Written by Mahfuz Ahmed

A recent case (R v G 2022) involving an Italian family which saw the father make an application under the Convention on the Civil Aspects of International Child Abduction 1980 for the return of his child has highlighted the complexity around the relationship between family law and asylum law.

 

The respondent mother, who had moved to the UK with her child unbeknownst to the father, had her application for a further stay of a return order refused by the The Family Division in light of judicial review proceedings relating to her immigration.

 

But before we continue any further, a bit of context to the case. The respondent mother, the father and the child are all Italian nationals. The parents had been in a relationship for a number of years but did not marry. The respondent and her child came to the UK in 2021 following a separation from the child’s father in August 2021 in which they remained living together.

 

The father did not know the whereabouts of the mother and child until he received a text from the mother stating that she was in England and would return on 7th September 2021, however they did not.

 

Mother made an asylum claim in the UK

 

The father then made an application pursuant to the Convention on the Civil Aspects of International Child Abduction 1980 (the 1980 Hague Convention) for the return of the child.  In February 2022, the Court made a return order, requiring the child be returned to Italy by 13th February 2022.

 

Prior to this order being made, the mother made an asylum claim in the UK, which was deemed inadmissible under para 326E of the Immigration Rules. These rules states that EU asylum applications will be declared inadmissible unless there are exceptional circumstances which require the application to be admitted for full consideration. There is no right of appeal.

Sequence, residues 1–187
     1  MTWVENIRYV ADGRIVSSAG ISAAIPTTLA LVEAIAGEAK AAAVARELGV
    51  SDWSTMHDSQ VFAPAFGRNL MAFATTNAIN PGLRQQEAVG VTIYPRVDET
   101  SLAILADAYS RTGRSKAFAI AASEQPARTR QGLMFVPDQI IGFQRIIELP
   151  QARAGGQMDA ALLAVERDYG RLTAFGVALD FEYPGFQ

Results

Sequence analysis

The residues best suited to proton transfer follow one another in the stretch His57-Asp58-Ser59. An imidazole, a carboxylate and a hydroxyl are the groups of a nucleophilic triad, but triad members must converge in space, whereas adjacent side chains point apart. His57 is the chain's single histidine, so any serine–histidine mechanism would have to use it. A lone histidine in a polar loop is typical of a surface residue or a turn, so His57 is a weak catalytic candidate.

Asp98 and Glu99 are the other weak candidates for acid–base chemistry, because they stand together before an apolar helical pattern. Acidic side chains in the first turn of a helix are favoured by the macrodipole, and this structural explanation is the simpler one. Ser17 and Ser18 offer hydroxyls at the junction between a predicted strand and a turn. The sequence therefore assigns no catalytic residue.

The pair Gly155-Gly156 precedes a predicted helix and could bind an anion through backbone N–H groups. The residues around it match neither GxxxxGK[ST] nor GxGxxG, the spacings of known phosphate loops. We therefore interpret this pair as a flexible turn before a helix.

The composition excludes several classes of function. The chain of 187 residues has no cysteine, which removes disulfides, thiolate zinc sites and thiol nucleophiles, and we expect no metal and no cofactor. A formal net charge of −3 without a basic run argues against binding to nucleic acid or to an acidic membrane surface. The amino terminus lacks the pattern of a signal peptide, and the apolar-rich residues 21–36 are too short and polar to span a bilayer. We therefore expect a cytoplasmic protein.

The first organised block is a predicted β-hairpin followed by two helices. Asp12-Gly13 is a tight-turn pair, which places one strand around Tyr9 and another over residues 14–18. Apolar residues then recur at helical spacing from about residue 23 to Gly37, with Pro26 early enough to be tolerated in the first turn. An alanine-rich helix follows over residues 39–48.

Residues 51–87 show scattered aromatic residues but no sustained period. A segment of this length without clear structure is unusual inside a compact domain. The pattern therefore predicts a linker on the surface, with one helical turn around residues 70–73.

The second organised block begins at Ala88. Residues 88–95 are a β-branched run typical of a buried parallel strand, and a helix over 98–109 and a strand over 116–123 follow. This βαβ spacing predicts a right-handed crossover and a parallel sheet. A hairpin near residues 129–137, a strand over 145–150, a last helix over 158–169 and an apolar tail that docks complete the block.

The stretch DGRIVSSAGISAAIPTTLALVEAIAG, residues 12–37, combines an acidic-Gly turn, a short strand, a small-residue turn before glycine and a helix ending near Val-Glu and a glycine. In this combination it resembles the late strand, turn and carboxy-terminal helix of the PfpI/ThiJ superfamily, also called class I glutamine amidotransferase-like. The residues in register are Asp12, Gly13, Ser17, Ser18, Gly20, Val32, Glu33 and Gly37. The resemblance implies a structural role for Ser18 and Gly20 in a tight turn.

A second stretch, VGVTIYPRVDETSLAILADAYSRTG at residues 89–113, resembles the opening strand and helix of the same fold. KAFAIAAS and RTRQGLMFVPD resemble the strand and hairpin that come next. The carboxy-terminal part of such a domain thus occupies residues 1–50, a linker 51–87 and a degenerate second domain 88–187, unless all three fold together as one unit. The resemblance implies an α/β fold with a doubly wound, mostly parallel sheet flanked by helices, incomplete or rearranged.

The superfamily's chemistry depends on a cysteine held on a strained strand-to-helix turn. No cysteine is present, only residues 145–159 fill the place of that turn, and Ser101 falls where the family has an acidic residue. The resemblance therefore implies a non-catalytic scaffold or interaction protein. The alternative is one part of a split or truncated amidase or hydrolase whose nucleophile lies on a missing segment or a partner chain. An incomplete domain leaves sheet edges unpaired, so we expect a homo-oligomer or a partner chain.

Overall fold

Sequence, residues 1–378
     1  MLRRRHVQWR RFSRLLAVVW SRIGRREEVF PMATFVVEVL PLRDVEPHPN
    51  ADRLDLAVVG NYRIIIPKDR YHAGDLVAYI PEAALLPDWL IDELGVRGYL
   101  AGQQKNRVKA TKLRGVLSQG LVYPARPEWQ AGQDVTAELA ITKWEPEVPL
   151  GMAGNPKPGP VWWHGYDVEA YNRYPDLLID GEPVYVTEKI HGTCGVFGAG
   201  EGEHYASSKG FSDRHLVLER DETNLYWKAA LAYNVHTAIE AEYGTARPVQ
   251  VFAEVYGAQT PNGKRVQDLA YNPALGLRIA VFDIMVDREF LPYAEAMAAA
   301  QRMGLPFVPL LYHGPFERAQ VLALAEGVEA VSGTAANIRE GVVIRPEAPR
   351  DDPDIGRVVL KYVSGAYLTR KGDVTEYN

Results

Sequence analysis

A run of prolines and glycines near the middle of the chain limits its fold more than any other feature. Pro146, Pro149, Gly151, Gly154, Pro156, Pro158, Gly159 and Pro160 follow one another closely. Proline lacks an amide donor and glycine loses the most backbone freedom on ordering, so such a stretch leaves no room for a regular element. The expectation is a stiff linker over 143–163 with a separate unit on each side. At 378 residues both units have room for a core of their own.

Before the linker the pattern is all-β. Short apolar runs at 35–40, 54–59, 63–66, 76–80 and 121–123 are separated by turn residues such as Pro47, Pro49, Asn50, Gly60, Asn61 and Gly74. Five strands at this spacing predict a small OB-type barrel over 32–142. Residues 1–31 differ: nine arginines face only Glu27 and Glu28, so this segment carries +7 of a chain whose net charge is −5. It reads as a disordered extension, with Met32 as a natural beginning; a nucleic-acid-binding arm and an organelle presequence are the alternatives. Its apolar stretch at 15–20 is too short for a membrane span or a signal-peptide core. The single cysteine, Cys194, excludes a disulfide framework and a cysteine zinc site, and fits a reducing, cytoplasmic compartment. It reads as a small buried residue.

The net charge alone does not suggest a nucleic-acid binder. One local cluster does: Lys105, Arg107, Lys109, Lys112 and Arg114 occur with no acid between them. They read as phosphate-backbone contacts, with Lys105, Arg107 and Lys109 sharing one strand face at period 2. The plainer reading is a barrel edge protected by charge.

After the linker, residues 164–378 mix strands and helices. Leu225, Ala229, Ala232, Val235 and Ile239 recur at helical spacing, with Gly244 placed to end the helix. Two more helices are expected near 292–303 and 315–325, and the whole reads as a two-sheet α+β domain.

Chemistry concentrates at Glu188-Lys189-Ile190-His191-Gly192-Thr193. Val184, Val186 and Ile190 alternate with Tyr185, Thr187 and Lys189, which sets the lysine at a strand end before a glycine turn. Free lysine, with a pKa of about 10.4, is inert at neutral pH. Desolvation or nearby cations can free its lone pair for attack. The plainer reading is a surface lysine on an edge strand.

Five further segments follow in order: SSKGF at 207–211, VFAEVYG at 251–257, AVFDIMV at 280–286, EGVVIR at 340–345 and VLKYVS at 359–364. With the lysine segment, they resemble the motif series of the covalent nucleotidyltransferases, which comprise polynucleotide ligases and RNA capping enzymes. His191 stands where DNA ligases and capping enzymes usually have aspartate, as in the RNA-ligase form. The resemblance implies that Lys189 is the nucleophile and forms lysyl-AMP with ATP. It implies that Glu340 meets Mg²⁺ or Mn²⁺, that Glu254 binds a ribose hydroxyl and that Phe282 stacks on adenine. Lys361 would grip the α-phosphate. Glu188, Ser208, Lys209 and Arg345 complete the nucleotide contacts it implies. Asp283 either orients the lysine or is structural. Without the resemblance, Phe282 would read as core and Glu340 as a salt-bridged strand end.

The mother made an application for judicial review in relation to her immigration decision. Thereafter, she applied to the Family Division for a stay (postponement) of her return order until her judicial review application had been determined.

 

The judgement of the Court

 

R v G [2022] EWHC 655 (Fam)

 

The Court considered the mother’s (respondent) application and refused her application. They held:

 

(i)  there was no right of appeal against the decision by the Secretary of State for the Home Department that the asylum claim was ‘inadmissible’;

 

(ii)  as a consequence, there was no ‘in country’ appeal in accordance with the Nationality, Immigration and Asylum Act 2002 and therefore, the protection afforded for such a situation by section 78 of the Nationality, Immigration and Asylum Act 2002 did not apply; and

 

(iii)  it rejected the mother’s submission that it should treat her application for judicial review as having the same effect as an ‘in country’ appeal on the basis that it was the only route by which the admissibility decision could be challenged.

 

Court orders child to be returned to Italy

 

The Court held that there was no breach in the principles set out in the recent case G v G [2021] 4 All ER 113 that prevented the return order from being implemented. The Court subsequently ordered that the child be returned to Italy by 23rd March 2022. This would give the opportunity for the mother to consider if she would return to Italy with the child, and if she didn’t then the child would be returned to Italy in the care of the father.

 

Our comments:

 

This judgement makes it clear that a person is afforded protection in an in-country right of appeal under the Nationality, Immigration and Asylum Act 2002. A judicial review application does not have the same effect and does not afford the same protection.

 

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